For a community less than 80 years old, with a population south of 2,000, Sun Valley, Idaho, boasts a rich Hollywood history. It might have to do with being partly the invention of Averell Harriman, who invited celebrities like Ernest Hemingway, Clark Gable and Marilyn Monroe to help shine a light on the newfangled resort town in the ’30s.
In ensuing years, a kind of 24-hour party train called the Snowball Special would roll in on Friday night from L.A.’s Union Station, just in time for the glitterati to recover and hit the slopes by Saturday morning.
So when screenwriter Teddy Grennan arrived one summer after getting fired from a job by Fox Searchlight and “moping around town,” the idea of starting a film festival seemed to draw on tradition and give him a sense of purpose.
“I called a couple of friends of mine,” recalls the fest executive director. “They said there’s film festivals everywhere. And I said there isn’t one in Sun Valley.”
If attaining the prestige of other ski-resort fests like Sundance and Telluride seems like a far-off dream, the SVFF, entering its fourth year March 4-8, has shown remarkable growth since its maiden incarnation, when attendance was just under 2,000; last year, that number approached 5,000.
But the challenges remain — competing with a roster of festivals that grows every year, proximity to SXSW (March 13-21) and Tribeca (April 15-26), not to mention awards-season fatigue.
“We’re small,” says Grennan. “We’ve got a limited crew, but we’re really competent. Every year we try to bring in something new, which adds extra kinks, but we’re getting there.”
Grennan will benefit from some star power, including the filmmaker behind the year’s highest-grossing Oscar nominee for best picture, “American Sniper,” Clint Eastwood, who will receive the event’s inaugural Lifetime Vision Award.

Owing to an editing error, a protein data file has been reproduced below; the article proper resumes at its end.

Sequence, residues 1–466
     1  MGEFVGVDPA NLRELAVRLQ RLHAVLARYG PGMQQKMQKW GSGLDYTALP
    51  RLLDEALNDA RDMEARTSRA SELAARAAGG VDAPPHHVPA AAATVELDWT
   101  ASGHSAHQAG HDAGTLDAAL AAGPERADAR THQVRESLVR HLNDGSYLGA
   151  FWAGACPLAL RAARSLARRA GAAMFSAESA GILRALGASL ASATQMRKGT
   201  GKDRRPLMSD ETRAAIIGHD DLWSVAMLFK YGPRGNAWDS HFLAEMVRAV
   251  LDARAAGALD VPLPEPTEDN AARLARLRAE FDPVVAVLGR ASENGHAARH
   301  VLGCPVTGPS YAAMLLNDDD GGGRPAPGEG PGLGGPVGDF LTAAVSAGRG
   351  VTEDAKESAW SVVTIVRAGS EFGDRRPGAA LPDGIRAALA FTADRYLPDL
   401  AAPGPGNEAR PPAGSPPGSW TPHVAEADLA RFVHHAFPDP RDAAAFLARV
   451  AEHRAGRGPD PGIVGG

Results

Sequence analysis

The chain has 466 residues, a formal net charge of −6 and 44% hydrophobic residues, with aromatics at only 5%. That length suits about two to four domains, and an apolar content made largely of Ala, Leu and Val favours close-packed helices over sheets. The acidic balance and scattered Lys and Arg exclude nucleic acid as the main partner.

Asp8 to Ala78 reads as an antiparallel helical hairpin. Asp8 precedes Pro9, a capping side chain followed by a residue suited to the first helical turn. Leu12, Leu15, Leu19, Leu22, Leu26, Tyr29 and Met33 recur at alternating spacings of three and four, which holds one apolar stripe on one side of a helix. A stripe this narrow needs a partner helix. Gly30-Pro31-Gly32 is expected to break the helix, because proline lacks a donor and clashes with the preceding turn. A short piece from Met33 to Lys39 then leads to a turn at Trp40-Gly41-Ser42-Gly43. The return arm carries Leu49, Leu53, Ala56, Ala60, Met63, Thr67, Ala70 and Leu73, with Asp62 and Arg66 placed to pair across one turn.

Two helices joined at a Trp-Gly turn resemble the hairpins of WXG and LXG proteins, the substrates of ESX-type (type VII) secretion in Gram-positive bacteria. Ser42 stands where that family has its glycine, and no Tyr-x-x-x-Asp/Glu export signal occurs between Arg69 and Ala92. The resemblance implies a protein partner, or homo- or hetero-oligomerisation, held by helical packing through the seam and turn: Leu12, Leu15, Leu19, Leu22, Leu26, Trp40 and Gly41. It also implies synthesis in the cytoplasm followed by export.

Actors Bruce Dern and Bill Paxton will participate in the fest’s Coffee Talks panels, while scribes Jim Rash and Nat Faxon (“The Descendants”) will offer insight in the Screenwriters Lab.
There won’t be any bidding wars at Sun Valley, since a good majority of the 60 films programmed have distribution in place. Grennan uses his connections at such film companies as A24 and Lionsgate, and even music/audio post houses like Fall on Your Sword, to secure a few good titles.
“The biggest challenge is to get the distributors and studios to recognize the value of sending their films to Sun Valley,” says Grennan. “I don’t blame them. The marketing of these films, where they go, to what film festivals, is really important.
Unlike similarly small fests like Mill Valley, with its eco/music bent, or Woodstock, with its counterculture DNA, Grennan and programming director Laura Mehlhaff aim for something a tad more freewheeling, perhaps out of necessity.
“The lineup here continues to be a lot like KCRW’s ‘Morning Becomes Eclectic.’ You can get a great old Stones’ song mashed right up against LCD Soundsystem’s latest record,” Grennan says.
Going forward, Grennan plans to push the fest back to April in order to follow SXSW and give relief to an industry still recovering from its Oscar hangover.
“I want to give these guys a beat,” he says. “I think it’s better for us as we grow.”